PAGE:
Homes sales down, prices up in DuPage County

Dan Petrella,

Foreclosures, plummeting home sales and troubles with subprime mortgages have grabbed headlines across the country this year, but the housing market in DuPage County hasn’t been all gloom and doom.

While the number of single-family homes sold throughout the county from January through November fell by 20.7 percent from 2006, the median sale price of those homes increased by 2.2 percent, according to statistics from the Main Street Organization of Realtors, a trade group in DuPage and the wider Chicago area.

Chris Read is chief executive officer of John Greene Realtor in Naperville and past president of the Main Street Organization. She said declining sales this year are a result of the market correcting for the flood of homes built in the last five years.

“The biggest (factor) is the oversupply in the market,” Read said. “We had a such a boom from 2003 to 2006. ... The supply (of new homes) overran the demand.”

Since mid-2006, the U.S. real estate market has been troubled by a rise in foreclosures due to homeowners defaulting on subprime mortgages, which are loans made to high-risk borrowers who otherwise would not be able to obtain financing to purchase a home. For all the attention subprime mortgages have received, they only account for about 7 percent of all home loans, Read said.

“2007 is down, but it’s still the fifth best year in the history of real estate,” she said. “It’s strictly normalizing back to what it was before the huge jumps in the last few years.”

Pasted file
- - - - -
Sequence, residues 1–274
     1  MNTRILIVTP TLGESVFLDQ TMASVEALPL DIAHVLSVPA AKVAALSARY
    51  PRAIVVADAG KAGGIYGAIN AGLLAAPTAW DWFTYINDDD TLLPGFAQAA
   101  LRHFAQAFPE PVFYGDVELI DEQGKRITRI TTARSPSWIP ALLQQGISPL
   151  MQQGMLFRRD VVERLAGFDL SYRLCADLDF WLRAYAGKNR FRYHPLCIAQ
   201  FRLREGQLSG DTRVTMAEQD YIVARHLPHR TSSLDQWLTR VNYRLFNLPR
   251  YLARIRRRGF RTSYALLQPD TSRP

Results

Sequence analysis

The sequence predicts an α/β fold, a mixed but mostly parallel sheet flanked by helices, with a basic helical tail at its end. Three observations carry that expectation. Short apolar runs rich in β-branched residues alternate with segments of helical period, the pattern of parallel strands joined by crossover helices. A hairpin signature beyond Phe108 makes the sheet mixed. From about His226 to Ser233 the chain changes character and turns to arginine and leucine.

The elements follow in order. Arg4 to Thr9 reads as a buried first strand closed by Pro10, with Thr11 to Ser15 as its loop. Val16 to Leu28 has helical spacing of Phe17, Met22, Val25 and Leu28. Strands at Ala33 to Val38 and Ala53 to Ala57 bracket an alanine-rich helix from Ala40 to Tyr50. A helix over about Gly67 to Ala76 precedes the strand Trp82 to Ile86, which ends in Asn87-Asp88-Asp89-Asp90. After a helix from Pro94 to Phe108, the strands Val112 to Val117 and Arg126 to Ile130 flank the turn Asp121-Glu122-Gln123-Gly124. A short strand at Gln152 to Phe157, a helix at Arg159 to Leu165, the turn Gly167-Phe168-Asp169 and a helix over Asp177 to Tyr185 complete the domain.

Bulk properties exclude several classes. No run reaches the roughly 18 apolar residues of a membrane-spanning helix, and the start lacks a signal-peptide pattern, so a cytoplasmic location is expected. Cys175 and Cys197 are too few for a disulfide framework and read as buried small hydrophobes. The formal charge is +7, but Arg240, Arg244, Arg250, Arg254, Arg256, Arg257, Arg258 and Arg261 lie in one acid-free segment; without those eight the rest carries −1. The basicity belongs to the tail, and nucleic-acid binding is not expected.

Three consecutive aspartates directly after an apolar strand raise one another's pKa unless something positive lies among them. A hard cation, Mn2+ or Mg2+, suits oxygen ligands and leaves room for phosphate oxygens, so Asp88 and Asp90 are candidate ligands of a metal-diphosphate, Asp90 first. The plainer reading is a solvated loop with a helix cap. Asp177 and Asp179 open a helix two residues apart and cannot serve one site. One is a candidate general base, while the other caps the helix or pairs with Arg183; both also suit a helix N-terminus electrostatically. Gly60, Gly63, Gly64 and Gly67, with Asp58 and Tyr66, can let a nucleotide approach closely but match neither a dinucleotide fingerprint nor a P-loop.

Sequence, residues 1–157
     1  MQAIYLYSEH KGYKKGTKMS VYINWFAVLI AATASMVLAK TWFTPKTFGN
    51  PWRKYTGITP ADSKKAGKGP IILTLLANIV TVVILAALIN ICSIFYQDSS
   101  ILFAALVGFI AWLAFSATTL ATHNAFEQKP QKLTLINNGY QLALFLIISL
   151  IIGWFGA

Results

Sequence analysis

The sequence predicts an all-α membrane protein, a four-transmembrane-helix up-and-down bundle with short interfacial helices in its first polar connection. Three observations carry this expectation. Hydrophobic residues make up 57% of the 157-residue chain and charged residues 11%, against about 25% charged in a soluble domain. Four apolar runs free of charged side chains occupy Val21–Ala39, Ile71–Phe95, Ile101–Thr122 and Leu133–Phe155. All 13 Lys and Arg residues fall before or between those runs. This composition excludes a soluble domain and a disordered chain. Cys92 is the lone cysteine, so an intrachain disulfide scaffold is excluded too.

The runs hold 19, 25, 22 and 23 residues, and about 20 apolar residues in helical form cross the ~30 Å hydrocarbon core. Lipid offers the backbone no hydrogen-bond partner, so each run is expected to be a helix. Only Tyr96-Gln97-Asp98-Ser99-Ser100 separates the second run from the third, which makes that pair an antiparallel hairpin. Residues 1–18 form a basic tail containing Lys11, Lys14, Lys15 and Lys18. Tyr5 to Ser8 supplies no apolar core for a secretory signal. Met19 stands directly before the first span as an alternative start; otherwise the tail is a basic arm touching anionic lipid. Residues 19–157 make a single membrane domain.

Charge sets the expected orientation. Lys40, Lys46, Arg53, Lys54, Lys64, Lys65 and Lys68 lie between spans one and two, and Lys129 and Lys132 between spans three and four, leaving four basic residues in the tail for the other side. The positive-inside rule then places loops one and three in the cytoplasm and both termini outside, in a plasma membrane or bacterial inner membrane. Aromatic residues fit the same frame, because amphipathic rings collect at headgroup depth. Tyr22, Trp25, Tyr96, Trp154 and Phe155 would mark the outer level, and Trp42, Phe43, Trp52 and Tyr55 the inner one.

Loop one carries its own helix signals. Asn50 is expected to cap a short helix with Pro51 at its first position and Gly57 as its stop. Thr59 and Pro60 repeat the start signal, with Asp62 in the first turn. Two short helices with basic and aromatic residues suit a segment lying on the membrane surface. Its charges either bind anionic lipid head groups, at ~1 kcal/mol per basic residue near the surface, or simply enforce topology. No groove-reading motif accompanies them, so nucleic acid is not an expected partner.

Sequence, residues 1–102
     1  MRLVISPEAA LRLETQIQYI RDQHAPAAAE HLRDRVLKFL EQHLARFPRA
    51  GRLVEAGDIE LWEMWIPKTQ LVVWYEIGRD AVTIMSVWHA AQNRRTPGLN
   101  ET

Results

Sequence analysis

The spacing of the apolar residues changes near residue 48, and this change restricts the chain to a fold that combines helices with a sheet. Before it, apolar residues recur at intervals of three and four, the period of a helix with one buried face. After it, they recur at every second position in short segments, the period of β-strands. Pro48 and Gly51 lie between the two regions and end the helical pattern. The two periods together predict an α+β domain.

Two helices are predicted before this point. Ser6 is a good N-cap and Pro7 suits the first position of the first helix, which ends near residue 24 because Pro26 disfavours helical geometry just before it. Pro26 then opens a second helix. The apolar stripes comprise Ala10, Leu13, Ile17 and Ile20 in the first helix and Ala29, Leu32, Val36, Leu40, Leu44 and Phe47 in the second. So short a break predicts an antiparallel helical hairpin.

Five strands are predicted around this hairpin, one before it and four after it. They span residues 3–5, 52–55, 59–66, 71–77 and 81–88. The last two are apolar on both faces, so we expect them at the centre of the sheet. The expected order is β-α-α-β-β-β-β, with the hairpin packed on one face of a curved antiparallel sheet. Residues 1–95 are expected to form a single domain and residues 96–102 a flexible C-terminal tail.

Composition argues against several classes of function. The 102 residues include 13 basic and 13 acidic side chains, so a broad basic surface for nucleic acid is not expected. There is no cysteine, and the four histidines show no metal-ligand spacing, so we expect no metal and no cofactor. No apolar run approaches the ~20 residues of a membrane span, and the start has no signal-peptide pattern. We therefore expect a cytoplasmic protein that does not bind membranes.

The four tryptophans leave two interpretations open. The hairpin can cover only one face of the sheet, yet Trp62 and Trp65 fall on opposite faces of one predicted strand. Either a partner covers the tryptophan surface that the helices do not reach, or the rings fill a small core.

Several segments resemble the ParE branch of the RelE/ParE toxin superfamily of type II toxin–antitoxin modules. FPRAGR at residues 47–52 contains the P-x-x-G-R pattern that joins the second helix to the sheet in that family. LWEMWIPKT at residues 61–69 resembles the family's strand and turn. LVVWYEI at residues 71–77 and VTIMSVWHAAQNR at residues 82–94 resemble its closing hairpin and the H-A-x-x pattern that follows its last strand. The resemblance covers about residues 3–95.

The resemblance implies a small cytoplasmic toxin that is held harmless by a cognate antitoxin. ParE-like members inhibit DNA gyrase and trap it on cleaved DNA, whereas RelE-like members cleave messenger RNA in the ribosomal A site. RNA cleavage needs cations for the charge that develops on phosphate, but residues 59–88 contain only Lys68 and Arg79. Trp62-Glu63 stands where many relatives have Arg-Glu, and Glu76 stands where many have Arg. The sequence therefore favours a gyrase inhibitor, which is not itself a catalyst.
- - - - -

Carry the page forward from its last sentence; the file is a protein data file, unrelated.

As new home construction slows and some sellers take their homes off the market, the supply of homes will fall back in line with demand, she said.

Sheila McCann, director of outreach and development at the DuPage Homeownership Center, has seen the decline in consumer confidence in the real estate market firsthand. Enrollment in the center’s homebuyer education classes was down 22 percent this year compared to 2006.

Meanwhile, the number of clients seeking help from the center because they have defaulted on their mortgages or are in danger of defaulting has increased by 140 percent, McCann said. But most people the center sees aren’t defaulting because of increasing interest rates on subprime mortgages, she added.

“By and large, the biggest reason was a job loss and the next would be a medical crisis,” McCann said.

Read and McCann both said the market will improve in the coming year. Low interest rates and a stabilizing supply of homes for sale will make it a good time to buy a home.

“The biggest difference is there’s not going to be all these mortgage products there were on the market before,” McCann said. “And that’s probably a good thing.”